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Graphic refining director Yoshiki Haruhana on reimagining the visuals of Zelda: Link’s Awakening

Posted on October 9, 2019 by (@NE_Brian) in News, Switch

The Legend of Zelda: Link’s Awakening was remade for Switch many years after it debuted on the Game Boy. Rather than re-releasing the game as it was, Nintendo and Grezzo opted for a new art style.

Graphic refining director Yoshiki Haruhana spoke about reimagining the visuals of Link’s Awakening in a new blog piece. He shared the following:

Hello everyone. I’m Yoshiki Haruhana, and I worked on the graphic direction for this title. The Legend of Zelda: Link’s Awakening was first released on Game Boy over 20 years ago, and it’s a game that lots of people still have fond memories of playing. With that in mind, our approach of revamping the graphics was to make sure that we didn’t make them feel ‘forced’.

Instead of recreating the game with very modern graphics, we aimed to capture the simple universality that the pixel graphics of the time had. I hope that each person playing the game will project their own idea of Link’s Awakening onto the game as they play.

We also aimed to make the game world feel as though you’re peeking into a little diorama. Our vision for this game during development was to create a diorama world in which Link would be a 10cm-or-so tall figurine. We developed the game while imagining the world as if it might actually exist in miniature form, and so we aimed for a balance between two really contradictory ideas; to pursue the charm of a richly detailed creation, while also considering the scale we’d imagined for Link and being careful to avoid adding in too much detail beyond that. It turned out that finding this balance was much easier said than done!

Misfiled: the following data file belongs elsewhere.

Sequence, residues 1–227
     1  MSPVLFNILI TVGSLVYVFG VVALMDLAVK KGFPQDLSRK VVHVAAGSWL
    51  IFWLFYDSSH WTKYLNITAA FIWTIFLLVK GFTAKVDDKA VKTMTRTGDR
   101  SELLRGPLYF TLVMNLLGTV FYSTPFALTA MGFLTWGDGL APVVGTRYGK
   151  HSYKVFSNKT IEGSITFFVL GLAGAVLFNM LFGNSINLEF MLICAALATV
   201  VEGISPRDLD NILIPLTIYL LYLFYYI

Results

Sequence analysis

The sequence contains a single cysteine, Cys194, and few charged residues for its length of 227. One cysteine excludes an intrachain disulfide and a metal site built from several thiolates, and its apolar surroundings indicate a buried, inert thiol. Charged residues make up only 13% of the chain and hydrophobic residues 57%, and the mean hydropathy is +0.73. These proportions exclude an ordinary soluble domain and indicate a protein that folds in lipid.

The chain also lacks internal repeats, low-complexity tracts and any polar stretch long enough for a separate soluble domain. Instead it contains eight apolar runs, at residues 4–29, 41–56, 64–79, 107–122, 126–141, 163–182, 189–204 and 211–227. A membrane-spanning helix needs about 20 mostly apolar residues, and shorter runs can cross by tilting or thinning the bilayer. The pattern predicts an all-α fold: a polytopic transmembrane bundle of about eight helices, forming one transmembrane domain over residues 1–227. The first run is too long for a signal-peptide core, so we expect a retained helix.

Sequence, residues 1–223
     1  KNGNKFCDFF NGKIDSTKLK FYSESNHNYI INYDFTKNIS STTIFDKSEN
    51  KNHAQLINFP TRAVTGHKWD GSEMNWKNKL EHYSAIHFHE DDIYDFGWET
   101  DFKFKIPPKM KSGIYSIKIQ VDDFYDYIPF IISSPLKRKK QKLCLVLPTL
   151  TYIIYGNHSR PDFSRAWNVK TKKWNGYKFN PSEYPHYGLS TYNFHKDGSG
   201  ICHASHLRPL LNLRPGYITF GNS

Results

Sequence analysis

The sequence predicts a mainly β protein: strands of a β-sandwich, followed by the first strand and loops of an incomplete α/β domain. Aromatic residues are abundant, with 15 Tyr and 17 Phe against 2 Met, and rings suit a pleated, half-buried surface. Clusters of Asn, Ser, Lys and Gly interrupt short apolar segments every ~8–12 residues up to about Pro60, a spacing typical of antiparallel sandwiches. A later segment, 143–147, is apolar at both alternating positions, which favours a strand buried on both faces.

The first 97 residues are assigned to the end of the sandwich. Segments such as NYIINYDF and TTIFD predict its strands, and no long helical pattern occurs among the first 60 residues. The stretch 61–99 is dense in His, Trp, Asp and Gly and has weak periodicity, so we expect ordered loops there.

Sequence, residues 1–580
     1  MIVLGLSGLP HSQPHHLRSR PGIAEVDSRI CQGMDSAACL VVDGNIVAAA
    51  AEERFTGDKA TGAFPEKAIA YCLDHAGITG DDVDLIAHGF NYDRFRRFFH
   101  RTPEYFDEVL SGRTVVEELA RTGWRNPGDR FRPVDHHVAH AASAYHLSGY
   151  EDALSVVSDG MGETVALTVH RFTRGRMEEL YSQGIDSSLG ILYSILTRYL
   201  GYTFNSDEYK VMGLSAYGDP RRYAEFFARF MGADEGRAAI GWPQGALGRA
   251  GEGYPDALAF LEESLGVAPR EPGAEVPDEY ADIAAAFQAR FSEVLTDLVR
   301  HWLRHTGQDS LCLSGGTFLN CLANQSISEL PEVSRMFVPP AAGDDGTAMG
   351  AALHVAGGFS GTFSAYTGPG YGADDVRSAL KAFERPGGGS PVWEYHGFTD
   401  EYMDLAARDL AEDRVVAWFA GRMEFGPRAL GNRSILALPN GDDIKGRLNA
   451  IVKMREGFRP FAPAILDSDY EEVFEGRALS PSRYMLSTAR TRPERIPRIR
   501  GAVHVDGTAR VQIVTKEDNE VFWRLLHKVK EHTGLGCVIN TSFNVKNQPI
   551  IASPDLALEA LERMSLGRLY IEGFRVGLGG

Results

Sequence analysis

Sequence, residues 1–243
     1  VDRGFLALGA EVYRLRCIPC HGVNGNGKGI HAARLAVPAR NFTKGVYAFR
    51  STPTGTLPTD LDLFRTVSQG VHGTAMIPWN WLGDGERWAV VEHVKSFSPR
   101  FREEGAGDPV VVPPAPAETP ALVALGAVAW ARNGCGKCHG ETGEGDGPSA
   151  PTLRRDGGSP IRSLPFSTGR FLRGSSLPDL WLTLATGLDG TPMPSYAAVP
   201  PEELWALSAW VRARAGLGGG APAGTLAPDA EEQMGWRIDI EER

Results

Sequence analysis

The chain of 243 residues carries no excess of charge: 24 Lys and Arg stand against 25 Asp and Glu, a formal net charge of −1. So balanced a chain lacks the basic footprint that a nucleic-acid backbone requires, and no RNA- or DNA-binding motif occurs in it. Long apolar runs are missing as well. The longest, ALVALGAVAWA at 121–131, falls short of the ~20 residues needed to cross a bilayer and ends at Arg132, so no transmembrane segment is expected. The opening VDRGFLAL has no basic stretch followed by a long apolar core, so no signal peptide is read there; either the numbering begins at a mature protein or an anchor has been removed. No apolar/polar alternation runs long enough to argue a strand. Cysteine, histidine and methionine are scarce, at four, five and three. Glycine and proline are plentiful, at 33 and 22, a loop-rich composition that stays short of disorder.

Speaking of dioramas, it ended up that an actual diorama was displayed at E3 2019! The local staff worked incredibly hard and produced something truly spectacular! I was impressed with how well it turned out!

When I first heard they were going to create a diorama, I was a bit anxious as it felt very much like a test for whether we’d achieved what we set out to with the game’s graphics. However, the beautiful craftsmanship was reassuring in that we’d made the right decisions, and it was really encouraging as we entered the final stages of development.

Turning back to the game, I’d just like to say that I hope you’ll take breaks from exploring the island and its dungeons to just stop and have a peek into some of the houses. Plenty of this richly-crafted diorama feel has been packed into each of them. We’ve put in little details everywhere, even in those parts of the game that aren’t part of the main story, and I would be ever so happy if you’d take the time to have a look around.


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